] tried to use z to find an interpretable expression, where z is broken into incompressible noise z and interpretable implicit variable c. In order to make the correlation between x and c, it is necessary to maximize the mutual information. Based on this, the value function of the original GAN model is modified. By constraining the relationship between c and the generated data, c contains interpreted information about the data. In [20
], Arjovsky et al. proposed Wasserstein GAN (WGAN), which uses the Wasserstein distance instead of Kullback-Leibler divergence to measure the probability distribution, to solve the problem of gradient disappearance, ensure the diversity of generated samples, and balance sensitive gradient loss between the generator and discriminator. Therefore, WGAN does not need to carefully design the network architecture, and the simplest multi-layer fully connected network can do it. In [17
], Kingma et al. proposed a deep learning technique called VAE for learning latent expressions. VAE provides a meaningful lower bound for the log likelihood that is stable during training and during the process of encoding the data into the distribution of the hidden space. However, because the structure of VAE does not clearly learn the goal of generating real samples, it just hopes to generate data that is closest to the real samples, so the generated samples are more ambiguous. In [21
], the researchers proposed a new generative model algorithm named WAE, which minimizes the penalty form of the Wasserstein distance between the model distribution and the target distribution, and derives the regularization matrix different from that of VAE. Experiments show that WAE has many characteristics of VAE, and it generates samples of better quality as measured by FID scores at the same time. Dai et al. [22
] analyzed the reasons for the poor quality of VAE generation and concluded that although it could learn data manifold, the specific distribution in the manifold it learns is different from the real distribution. In the experiment, it shows that VAE can reconstruct training data well, but it cannot generate new samples well. Therefore, a two-stage VAE is proposed, where the first one is used to learn the position of the manifold, and the second is used to learn the specific distribution within the manifold, which improves the generation effect significantly.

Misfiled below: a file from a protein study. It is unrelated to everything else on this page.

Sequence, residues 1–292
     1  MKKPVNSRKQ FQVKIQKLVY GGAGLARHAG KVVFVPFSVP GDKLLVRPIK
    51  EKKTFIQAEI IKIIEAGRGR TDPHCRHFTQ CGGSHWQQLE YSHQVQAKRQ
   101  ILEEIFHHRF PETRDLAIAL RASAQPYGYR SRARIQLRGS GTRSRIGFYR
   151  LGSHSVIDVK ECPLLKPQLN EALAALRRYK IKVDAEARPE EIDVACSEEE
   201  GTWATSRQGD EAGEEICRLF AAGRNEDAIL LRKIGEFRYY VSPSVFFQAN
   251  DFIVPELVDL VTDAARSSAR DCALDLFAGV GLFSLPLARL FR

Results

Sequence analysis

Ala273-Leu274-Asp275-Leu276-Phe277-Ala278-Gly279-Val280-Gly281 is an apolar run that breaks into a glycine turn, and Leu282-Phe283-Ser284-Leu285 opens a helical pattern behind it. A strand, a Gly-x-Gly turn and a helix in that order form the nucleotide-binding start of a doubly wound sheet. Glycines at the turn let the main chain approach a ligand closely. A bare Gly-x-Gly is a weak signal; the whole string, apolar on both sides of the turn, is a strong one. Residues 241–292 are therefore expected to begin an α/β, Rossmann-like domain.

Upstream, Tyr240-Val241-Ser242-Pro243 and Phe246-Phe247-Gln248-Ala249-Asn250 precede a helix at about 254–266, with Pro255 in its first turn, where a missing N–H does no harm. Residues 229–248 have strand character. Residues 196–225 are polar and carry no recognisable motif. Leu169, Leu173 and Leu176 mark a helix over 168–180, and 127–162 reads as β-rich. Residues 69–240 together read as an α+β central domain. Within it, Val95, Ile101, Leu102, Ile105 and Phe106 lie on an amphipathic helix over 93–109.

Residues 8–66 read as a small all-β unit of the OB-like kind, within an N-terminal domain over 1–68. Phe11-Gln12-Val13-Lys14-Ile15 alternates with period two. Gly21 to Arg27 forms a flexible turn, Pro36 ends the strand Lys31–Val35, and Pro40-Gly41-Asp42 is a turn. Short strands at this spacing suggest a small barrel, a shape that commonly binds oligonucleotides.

In order to meet the requirements of the training model for the large amount of image data, this paper proposes an image data generation method based on the Adversarial-VAE network model, which expands the image of tomato leaf diseases to generate images of 10 different tomato leaves, overcomes the overfitting problem caused by insufficient training data faced by the identification model. First, the Adversarial-VAE model is designed to generate images of 10 tomato leaves. Then, in view of the obvious differences in the area occupied by the leaves in the dataset and the insufficient accuracy of the feature expression of the diseased leaves using a single-size convolution kernel, the multi-scale residual learning module is used to replace the single-size convolution kernels to enhance the feature extraction ability, and the dense connection strategy is integrated into the Adversarial-VAE model to further enhance the image generative ability. The experimental results show that the tomato leaf disease images generated by Adversarial-VAE have higher quality than InfoGAN, WAE, VAE, and VAE-GAN on the FID. This method provides a solution for data enhancement of tomato leaf disease images and sufficient and high-quality tomato leaf images for different training models, improves the identification accuracy of tomato leaf disease images, and can be used in identifying similar crop leaf diseases.